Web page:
lists.openwall.net   lists  /  announce  owl-users  owl-dev  john-users  john-dev  passwdqc-users  yescrypt  popa3d-users  /  oss-security  kernel-hardening  musl  sabotage  tlsify  passwords  /  crypt-dev  xvendor  /  Bugtraq  Full-Disclosure  linux-kernel  linux-netdev  linux-ext4  linux-hardening  PHC 
Open Source and information security mailing list archives
 
Hash Suite for Android: free password hash cracker in your pocket
[<prev] [next>] [<thread-prev] [thread-next>] [day] [month] [year] [list]
Date: Sun, 19 Jan 2014 12:43:52 -0500
From: Bill Cox <waywardgeek@...il.com>
To: discussions@...sword-hashing.net
Subject: Re: [PHC] Native server relief support for password hashing in browsers

On Sun, Jan 19, 2014 at 12:02 PM, Christian Forler
<christian.forler@...-weimar.de> wrote:
> On 19.01.2014 13:47, Bill Cox wrote:
>
> [...]
>
>> Catena focuses on an unrealistic weak attack against Scrypt: aborting
>> the second loop early using cache timing.
>
> We never claim that the cache-timing attacks against scrypt are practical.

I hope I didn't imply otherwise.  It is a very interesting attack, I
enjoyed reading it, and it is now something I worry about in looking
at a KDF, where before I didn't.  It was quite educational.

>> However, an attacker still has to execute the full compute
>> intensive first loop, so we're not talking about speeding anything up,
>> just saving memory.
>
> False.
>
> The regular cost to check an password candidate is
>     T(n) = O(N^2) / S(n).
>
>
> Our attack allows to check password candidate with
>         T(n)  =  O(N)/ 1.
>
> This is an dramatic improvement and it invalidates the memory-hardness
> assumption of scrypt. It enables  a GPU attacker to test password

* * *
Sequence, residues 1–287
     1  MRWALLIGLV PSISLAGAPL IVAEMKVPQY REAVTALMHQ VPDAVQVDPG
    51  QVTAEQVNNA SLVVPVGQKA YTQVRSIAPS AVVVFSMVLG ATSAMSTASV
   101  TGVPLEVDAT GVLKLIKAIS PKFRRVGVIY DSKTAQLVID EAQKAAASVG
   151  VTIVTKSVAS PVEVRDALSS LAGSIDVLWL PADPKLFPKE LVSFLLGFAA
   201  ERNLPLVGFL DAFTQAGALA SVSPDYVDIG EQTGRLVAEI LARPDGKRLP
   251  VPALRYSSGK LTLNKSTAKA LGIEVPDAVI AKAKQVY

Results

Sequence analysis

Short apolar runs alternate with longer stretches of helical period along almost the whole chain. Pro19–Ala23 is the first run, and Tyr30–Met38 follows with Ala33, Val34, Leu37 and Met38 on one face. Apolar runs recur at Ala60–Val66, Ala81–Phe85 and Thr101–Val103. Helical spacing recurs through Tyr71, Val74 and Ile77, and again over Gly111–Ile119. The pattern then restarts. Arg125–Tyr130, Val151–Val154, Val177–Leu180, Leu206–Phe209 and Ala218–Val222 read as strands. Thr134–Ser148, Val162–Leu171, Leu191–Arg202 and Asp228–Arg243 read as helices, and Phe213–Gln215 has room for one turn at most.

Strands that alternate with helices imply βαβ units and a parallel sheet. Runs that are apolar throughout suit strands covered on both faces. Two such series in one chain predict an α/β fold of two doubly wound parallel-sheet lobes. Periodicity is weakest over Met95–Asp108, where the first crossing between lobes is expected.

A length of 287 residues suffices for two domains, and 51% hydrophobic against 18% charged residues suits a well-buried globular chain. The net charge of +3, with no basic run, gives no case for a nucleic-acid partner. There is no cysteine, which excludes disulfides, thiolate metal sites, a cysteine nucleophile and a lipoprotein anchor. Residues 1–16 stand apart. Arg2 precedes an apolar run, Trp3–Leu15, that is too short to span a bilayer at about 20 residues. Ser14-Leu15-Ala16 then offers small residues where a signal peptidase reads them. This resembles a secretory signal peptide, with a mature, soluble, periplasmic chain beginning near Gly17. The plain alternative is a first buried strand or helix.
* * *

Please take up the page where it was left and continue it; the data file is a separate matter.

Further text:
> candidates in an "very efficient" way.

I appreciate your taking the time to correct me, and sorry for posting
mistakes.  What I said was only true (to within a small constant) only
for an attacker using the same amount of memory as Scrypt per core (S
== G), and who is CPU limited, not memory bandwidth limited.  Your
cache timing attack allows him to perform thousands of guesses in
parallel on graphics cards, where before he would have been memory
bandwidth limited otherwise.  It's a brutal attack when cache timing
is obtainable.

However, each core still has to finish the whole first loop, which
still takes significant time.  If an attacker gains access to early
hashed memory, he not only doesn't have to have significant memory per
core, but he can avoid computing much of the first loop.  It's a lot
worse in terms of how many guesses a graphics card can compute per
second, and it's also, IMO, more likely of an attack.

Does Catena have an option for something like Blakerypt's session
keys?  If the password is first hashed with a "session key", and the
attacker doesn't know the session key, brute force attacks become
impractical, even with leaked early memory and cache timing
information.  I'd hate to see such defense dropped from the
competition.  Maybe it's already in use all over, but as I said, I'm a
password hashing noob.  I simply don't know.  It just seems like a
great defense for servers.

Bill

Powered by blists - more mailing lists